Lithium Stocks to Run Hot Again

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Oh my, start watching lithium stocks, please. They’re hot out of the gate this morning, and there’s no guessing as to why.

Major lithium player Albemarle [NYSE: ALB] announced it’s prepared to pay US$1.15 billion for a 50% stake in Mineral Resources’ [ASX: MIN] Wodgina Lithium Project.

This could be the spark to revive interest in the whole sector.

There are a few documents to sign to make this deal all official. But there’s no reason to think this won’t go ahead.

However, it does help skewer the notion that the lithium market is on the cusp of major oversupply.

The reality is the opposite. The industry will be scrambling to keep up with the explosion in demand from electric vehicles and renewable energy storage.

Albemarle’s move proves this point.

There’s a major opportunity here…

You see, after running hot over 2016 and 2017, a wave of fear swept over the market. The perception was too many projects were in the works relative to the niche demand from electric vehicles.

Lithium stocks got dumped. The market ‘narrative’ changed. Except events in the real world did not. Outside of China, lithium prices have remained relatively strong all year.

And demand for electric vehicles keeps surprising everyone to the upside. Tesla smashed expectations in the third quarter.

That means the valuations for lithium stocks are way down while the outlook remains bright. That’s a recipe for takeovers and mergers.

There are other signs of strength here. The board of Pilbara Minerals [ASX: PLS] has approved the company’s Stage 2 expansion. Now they just need to lock in the regulatory approvals and financing to get going.

It will be most interesting to see where that money comes from. The banks have not played a role in Australia’s lithium boom in recent years.

The mines that did get financed got their money from shareholders or their offtake partners. Clients paid to lock in their own supply.

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One outcome of this is that a lot of the supply due to come out over this year and next is already locked in under contract.

It’s the years 2020 and beyond that make for interesting pricing discussions.

Aussie lithium miners could have the upper hand here…

Big players to lock up available supply now

Part of the reason for this is what’s going on in South America. Argentina and Chile could produce a lot more lithium than they do now.

This is another reason the market became preoccupied with the idea that too much product would hit the market.

Except it’s not happening as of now. In fact, South America may produce less in 2018 than it did in 2017.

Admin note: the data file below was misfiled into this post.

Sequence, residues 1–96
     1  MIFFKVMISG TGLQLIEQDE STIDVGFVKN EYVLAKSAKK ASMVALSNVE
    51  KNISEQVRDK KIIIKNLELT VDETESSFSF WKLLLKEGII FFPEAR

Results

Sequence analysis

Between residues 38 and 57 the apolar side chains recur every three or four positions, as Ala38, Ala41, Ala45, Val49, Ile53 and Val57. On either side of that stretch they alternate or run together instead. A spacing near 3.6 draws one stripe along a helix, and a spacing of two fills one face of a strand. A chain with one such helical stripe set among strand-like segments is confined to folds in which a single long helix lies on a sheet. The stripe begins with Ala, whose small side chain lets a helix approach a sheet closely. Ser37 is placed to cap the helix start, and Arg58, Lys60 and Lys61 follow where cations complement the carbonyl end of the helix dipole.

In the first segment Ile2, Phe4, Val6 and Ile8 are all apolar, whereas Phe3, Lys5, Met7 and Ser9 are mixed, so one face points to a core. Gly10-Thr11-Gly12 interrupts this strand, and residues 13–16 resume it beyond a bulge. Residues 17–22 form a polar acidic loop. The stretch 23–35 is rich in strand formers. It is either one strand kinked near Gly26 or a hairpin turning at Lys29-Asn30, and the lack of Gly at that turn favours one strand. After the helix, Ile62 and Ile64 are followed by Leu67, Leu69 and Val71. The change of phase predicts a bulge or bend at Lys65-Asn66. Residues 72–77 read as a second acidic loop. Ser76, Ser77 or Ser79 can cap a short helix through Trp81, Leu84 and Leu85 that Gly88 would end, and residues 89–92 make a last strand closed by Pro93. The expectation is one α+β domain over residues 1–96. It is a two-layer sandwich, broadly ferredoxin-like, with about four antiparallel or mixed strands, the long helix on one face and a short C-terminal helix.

That puts the burden on the Australian companies to hit their targets. It also means the big Chinese, Japanese and Korean battery players could come in and invest in the mines directly.

Don’t forget that the European motor industry can see the writing on the wall for the internal combustion engine. They’re behind in battery manufacturing capability and they know it.

China is on track to produce 70% of electric vehicle batteries by 2021. That’s a strategic weakness for the Europeans. They are now scrambling to build up their own industry.

They might just have gotten a bit of help from the French President. France has been rocked by protests recently. That’s because Emmanuel Macron upped taxes on diesel.

This is designed to push car buyers away from fossil fuels. However, most of the French car fleet runs on diesel, and the middle class aren’t too happy about another cost to their weekly bills.

But Macron is not budging for now. It’s highly likely that the French government will subsidise the uptake of electric vehicles to ease the transition.

Perhaps the biggest question mark right now is over conversion capacity. The concentrate shipped from Australia doesn’t get plonked straight into a battery somewhere. It’s quite a complicated process.

We’ll keep monitoring this as we go. But I’d expect to see a lot more deals happening around the lithium sector next year. That means going over the best projects now that have the most appeal to a bigger player.

Mineral Resources, for example, is up over 20% today as I write, based off its announcement today. That’s the kind of boost you can get when a deal is struck.

The other key from here will be to watch what kind of pricing the existing lithium producers announce over each quarter.

Keep an eye on SQM, the big Chilean producer. It’s due to announce its third-quarter earnings tonight.

2019 is shaping up to be very interesting for the lithium sector.

Regards,

Callum Newman Signature

Callum Newman,
Editor, Profit Watch

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